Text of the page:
The Faculty Affairs Committee, chaired by Sudarshan Loyalka, has reviewed promotion and tenure decisions over the last three years and found that more than 90 percent of applications for tenure are successful. The committee is also reviewing, with representatives of the Chancellor's Office, criteria for nonrenewal of tenure track faculty appointments. They are also reviewing concerns expressed about the underuse of sabbatical and research leave.

The Student Affairs Committee, chaired by Michael Devaney, has undertaken a study of disruptive classroom behavior and has reviewed a proposal by MSA to subscribe to Pick-A-Prof, a commercial on-line venture which purports to provide students with information concerning class scheduling. Grade distributions in specific courses taught by specific faculty members would be made available to students and course textbooks would be tied in as well. The committee voted not to approve Pick-A-Prof but will work with the MSA to provide needed information to students without a commercial interface.

The Fiscal Affairs Committee, chaired by William Wiebold, is working with RAC to provide faculty input into budget adjustments and is also gathering data regarding implementation of PeopleSoft.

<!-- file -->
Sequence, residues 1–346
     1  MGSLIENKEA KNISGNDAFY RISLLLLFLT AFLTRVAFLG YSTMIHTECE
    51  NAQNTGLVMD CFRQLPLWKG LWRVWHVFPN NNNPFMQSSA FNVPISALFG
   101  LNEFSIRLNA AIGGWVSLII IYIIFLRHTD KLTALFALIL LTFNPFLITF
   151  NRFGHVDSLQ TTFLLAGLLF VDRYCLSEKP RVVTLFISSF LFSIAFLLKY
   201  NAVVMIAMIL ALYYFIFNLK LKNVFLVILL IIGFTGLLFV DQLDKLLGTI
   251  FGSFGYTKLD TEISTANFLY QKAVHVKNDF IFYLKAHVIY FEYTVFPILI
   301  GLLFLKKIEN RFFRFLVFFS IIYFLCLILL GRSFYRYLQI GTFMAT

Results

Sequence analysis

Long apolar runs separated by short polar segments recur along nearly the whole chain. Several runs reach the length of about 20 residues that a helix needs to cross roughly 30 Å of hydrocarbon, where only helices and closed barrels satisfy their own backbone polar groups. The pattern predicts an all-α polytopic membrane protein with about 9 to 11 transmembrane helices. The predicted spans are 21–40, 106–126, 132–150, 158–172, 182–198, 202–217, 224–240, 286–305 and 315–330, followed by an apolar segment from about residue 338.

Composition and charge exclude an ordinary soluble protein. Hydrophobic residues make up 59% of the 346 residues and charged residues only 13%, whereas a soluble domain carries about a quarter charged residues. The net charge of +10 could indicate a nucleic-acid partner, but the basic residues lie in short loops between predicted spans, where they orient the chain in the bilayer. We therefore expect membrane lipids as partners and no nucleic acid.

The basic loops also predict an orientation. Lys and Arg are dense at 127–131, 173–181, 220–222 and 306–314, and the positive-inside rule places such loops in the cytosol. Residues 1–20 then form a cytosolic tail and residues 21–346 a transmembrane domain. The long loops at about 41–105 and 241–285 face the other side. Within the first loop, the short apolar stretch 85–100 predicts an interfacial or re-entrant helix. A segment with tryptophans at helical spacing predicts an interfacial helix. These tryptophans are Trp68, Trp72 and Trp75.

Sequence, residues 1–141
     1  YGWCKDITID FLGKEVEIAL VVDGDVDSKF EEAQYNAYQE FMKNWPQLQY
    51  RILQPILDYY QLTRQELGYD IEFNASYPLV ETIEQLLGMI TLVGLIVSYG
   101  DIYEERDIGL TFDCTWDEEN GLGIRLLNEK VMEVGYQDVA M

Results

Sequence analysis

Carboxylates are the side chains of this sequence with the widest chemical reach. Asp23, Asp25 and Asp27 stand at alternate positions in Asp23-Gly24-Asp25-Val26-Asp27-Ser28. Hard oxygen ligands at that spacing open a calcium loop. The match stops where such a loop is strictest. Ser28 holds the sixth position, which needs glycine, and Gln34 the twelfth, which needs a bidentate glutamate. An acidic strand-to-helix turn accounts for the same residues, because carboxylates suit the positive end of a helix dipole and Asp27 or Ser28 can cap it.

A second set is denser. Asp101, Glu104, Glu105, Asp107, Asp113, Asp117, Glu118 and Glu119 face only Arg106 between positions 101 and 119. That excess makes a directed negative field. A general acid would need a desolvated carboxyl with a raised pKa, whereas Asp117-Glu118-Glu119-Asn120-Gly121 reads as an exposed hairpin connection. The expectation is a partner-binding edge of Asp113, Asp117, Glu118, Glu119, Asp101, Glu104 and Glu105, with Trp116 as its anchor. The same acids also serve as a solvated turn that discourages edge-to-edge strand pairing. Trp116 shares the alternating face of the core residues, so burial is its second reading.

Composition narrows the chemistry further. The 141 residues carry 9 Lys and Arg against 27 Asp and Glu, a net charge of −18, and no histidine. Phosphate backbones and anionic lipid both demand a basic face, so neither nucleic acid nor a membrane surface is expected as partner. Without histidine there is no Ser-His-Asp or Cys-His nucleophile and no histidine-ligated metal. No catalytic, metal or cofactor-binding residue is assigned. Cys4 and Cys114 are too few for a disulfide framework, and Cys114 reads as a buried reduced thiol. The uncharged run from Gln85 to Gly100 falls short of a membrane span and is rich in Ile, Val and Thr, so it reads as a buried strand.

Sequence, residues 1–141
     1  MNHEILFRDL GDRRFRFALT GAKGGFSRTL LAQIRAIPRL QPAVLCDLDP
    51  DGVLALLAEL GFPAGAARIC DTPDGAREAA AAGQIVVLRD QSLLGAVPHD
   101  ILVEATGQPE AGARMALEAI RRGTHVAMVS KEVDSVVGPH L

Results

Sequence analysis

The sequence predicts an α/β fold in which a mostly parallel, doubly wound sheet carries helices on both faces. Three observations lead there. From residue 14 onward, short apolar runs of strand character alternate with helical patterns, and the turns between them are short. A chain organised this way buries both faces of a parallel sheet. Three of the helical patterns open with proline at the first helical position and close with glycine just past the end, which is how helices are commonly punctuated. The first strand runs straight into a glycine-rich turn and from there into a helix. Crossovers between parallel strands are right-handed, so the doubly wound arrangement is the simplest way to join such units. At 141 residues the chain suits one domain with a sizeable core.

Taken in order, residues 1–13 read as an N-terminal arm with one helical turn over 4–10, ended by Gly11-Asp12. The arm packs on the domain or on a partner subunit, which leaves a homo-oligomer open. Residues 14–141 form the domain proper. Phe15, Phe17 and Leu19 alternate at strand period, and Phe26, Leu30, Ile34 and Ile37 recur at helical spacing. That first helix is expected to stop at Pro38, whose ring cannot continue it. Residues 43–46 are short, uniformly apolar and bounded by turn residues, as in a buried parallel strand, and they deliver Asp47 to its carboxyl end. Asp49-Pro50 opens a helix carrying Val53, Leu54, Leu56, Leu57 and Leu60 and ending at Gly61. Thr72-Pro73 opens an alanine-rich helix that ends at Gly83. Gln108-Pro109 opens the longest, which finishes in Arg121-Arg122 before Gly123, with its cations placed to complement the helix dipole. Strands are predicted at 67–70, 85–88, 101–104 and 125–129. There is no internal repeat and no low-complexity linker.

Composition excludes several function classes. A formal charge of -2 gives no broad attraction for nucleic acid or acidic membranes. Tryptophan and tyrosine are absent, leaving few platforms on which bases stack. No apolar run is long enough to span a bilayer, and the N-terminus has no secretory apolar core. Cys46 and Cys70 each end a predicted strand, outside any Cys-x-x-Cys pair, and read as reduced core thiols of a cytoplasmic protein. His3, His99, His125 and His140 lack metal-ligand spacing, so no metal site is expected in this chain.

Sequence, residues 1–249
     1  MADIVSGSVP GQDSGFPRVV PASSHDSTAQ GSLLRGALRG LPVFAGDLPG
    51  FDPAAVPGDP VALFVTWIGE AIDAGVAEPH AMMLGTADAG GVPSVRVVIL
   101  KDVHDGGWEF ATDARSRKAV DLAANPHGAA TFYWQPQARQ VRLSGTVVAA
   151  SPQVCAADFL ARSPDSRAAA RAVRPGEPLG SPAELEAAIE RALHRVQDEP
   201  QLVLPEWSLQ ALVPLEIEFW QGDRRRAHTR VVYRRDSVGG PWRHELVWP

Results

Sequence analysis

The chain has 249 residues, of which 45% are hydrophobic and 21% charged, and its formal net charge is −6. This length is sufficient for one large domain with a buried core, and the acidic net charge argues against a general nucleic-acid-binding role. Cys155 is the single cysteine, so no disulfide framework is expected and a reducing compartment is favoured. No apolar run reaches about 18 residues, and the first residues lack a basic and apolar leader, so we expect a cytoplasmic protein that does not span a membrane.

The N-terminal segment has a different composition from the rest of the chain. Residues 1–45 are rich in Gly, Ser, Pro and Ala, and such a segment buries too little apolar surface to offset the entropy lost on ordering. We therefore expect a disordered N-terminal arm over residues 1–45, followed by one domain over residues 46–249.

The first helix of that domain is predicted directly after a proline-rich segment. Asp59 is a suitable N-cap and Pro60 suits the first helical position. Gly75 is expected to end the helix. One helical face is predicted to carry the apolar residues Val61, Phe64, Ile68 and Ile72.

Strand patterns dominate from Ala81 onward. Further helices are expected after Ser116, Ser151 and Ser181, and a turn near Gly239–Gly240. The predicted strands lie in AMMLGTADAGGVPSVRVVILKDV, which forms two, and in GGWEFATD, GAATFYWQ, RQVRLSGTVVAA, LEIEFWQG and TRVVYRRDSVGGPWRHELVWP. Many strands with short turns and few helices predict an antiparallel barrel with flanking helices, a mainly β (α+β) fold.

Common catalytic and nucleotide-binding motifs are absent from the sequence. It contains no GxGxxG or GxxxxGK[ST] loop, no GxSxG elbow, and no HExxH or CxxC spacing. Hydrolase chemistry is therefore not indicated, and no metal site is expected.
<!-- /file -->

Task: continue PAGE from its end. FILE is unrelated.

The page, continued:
The Special Projects Committee, chaired by Bruce Cutter, is working to update the list of academic units that will go to the Board of Curators. They are currently working on the Provost's evaluation and continue to study representation issues of nonregular faculty.

Zguta reported that Council has elected Mike Devaney as his successor as Chair. In conclusion, he noted his pleasure in serving as Chair of Council and credited Council members as well as Chancellor Wallace and Provost Deaton for the success of shared governance at MU.

Report from Chancellor Wallace